Saturday, July 10, 2010

Wine and Grill Kazusa, Azabu Juban

Do you like that whole 'private dining' thing? Kazusa is practically unlabeled, with only a high second-story sign saying the name in stylized, half-unreadable script to let you know that the nondescript building on the quiet stretch of road south of Telebi Asahi is the right one.  The door doesn't open unless you know just the right way to turn the handle and pull. We yanked on it for a while, then knocked. Regulars know how to open it.

There aren't many seats in the dim, red-accented interior, and within a short period after we arrived, most of them were indeed full of regulars who had made reservations. Mr. Kazusa (I guess that's his name) said he likes it that way - actually the 8 people present were more than he really likes, because it's a little too much to serve all of them. He's really fussy about his food, in the best way.

Being a sommelier years ago, he's a bit fussy about the wine too. There's no list, but you can ask him about bottles or else choose from the 7 selections by the glass. At left is his recommendation with lighter foods, made from the ancienne Terret Sec grape - despite its previous popularity, this winery is evidently now the only one in France to use it. (For the record, I think there's a reason it fell out of favor.)

Fussy about the food, I said, and this is where he starts things off by offering you duck prosciutto that he's cured himself (soft, silky, delicious), ham made from 'wine pigs' that he's boiled himself (almost as good) and straightforward liver terrine (better, much better). Just great stuff.

Likewise this gazpacho - perfect as a course on a hot day, and with the vinegary marinated shellfish upping the refreshment quotient as well as getting around the fundamental problem I always have with soup - the sameness of texture. Another great course.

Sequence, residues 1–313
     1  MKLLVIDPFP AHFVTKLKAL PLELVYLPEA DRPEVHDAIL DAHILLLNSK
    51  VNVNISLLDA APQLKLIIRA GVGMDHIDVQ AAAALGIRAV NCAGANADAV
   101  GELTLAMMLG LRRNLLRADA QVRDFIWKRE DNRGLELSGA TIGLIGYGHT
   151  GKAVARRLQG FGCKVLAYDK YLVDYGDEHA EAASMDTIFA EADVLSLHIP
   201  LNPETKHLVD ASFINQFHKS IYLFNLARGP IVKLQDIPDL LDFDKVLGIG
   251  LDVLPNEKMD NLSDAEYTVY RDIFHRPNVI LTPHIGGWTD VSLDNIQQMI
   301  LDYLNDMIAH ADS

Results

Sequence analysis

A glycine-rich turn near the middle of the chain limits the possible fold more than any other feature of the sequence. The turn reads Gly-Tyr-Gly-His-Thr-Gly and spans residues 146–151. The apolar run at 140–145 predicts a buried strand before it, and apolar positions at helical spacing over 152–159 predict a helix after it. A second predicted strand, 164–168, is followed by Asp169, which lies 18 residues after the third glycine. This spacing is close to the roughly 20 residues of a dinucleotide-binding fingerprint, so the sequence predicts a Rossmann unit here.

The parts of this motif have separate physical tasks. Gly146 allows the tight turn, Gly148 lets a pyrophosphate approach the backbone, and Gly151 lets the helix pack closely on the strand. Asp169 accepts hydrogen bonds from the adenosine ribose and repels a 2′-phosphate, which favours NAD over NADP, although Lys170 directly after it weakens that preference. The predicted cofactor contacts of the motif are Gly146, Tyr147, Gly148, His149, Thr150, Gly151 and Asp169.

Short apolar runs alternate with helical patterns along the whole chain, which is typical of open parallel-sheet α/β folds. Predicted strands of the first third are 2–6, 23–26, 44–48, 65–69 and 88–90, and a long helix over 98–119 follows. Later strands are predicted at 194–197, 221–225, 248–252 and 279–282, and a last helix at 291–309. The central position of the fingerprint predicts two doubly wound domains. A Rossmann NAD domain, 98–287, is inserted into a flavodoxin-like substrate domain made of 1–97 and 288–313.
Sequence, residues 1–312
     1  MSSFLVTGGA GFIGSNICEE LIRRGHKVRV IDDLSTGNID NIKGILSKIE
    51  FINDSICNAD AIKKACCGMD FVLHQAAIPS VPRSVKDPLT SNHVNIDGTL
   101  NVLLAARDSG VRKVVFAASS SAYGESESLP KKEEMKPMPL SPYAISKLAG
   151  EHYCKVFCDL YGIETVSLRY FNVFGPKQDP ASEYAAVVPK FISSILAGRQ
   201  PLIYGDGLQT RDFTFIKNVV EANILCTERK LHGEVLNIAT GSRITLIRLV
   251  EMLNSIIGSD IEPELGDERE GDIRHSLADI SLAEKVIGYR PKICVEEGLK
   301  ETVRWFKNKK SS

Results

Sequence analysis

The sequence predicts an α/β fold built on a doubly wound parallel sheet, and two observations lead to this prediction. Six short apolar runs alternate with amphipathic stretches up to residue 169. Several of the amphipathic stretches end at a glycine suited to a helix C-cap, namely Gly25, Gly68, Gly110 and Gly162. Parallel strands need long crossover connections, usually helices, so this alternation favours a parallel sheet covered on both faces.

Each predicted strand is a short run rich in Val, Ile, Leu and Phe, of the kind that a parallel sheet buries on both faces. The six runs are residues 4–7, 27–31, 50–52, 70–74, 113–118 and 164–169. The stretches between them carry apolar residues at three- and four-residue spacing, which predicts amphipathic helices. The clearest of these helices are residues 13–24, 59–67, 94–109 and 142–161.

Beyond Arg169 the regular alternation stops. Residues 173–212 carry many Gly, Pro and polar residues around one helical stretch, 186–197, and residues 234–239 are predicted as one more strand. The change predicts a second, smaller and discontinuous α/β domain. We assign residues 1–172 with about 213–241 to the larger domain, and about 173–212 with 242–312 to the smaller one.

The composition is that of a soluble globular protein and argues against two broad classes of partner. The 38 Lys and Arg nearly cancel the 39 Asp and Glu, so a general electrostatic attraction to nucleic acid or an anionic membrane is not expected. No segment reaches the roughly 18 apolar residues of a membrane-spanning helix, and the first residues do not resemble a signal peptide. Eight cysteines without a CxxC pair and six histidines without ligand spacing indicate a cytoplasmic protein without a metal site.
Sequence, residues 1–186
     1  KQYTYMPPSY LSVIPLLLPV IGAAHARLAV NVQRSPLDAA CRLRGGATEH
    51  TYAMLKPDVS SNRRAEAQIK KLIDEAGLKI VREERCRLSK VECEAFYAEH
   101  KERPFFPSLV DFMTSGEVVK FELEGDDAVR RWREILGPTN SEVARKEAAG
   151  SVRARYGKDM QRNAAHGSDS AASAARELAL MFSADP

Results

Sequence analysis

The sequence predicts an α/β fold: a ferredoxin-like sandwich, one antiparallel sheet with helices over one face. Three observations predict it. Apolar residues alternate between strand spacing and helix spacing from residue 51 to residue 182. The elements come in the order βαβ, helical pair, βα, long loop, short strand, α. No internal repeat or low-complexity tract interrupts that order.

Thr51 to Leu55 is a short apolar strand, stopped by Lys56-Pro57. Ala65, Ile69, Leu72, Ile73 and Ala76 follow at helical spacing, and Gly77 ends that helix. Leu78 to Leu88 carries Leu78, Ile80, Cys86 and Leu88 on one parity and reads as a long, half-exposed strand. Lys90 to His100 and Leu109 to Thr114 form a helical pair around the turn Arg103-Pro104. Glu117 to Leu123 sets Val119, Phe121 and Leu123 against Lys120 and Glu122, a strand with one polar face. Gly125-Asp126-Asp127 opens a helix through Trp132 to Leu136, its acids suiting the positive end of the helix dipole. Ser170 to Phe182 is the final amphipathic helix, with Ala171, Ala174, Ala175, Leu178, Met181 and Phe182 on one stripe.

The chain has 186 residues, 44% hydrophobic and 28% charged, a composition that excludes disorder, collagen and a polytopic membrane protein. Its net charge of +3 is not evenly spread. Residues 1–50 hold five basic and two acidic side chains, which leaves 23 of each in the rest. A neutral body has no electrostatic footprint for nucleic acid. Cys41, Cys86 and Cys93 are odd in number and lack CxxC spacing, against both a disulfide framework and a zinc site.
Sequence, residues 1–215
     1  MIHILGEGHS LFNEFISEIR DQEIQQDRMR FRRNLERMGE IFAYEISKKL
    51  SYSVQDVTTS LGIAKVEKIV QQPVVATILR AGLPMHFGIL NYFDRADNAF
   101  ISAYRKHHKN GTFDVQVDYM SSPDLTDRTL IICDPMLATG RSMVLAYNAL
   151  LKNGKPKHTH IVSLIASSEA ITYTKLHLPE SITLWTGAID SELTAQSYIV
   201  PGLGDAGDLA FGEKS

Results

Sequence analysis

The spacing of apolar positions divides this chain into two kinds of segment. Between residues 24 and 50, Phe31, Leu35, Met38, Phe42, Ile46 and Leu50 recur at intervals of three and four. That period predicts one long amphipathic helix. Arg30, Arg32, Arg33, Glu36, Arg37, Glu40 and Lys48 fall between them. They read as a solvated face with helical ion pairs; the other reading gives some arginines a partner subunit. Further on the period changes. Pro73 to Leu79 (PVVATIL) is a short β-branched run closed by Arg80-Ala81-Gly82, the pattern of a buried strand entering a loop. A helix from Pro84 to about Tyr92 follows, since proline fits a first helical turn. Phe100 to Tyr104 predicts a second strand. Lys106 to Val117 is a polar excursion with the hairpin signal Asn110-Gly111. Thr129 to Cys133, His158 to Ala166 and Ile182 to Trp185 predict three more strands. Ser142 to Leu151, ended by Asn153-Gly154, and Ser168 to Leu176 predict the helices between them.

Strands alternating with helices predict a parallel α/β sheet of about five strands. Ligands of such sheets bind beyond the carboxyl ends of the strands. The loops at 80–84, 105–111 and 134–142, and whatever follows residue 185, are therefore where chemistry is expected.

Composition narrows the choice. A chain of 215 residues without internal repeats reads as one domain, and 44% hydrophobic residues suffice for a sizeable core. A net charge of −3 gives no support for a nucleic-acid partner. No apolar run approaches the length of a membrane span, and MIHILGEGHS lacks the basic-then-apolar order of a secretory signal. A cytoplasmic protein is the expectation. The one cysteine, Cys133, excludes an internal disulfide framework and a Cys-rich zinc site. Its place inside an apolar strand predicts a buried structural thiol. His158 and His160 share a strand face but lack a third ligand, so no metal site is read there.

The lighting flatters the food too, doesn't it?

Grilled scallops with a sort of ratatouille...not quite the equal of the previous two courses, but nothing wrong with this, and I wish I had been served something this good in many, many Mediterranean-influenced dinner in Japan before.

Believe it or not, we were full and tired by that point (do NOT snack in the afternoon, OK?) and took home the whole roast pork loin. Rallying shortly after arrival to eat it, we confirmed that it was as juicy as indicated on the menu. There's an easy way to get it this way - don't cook it very much. See the pink in the middle? If you think your pork has to be done, you're going to miss out. I loved watching him work the 'thermometer', which was a thin metal skewer that he inserted into the meat (which was grilling over bincho charcoal, according to the helpful plaque) and then touched quickly to his lower lip. I guess it's a sensitive measuring device, but it must leave an unsightly blemish if you time the meat wrong.

Definitely recommended - far beyond what you'd expect from looking at the usual web sources for information. Can't wait to get back again.

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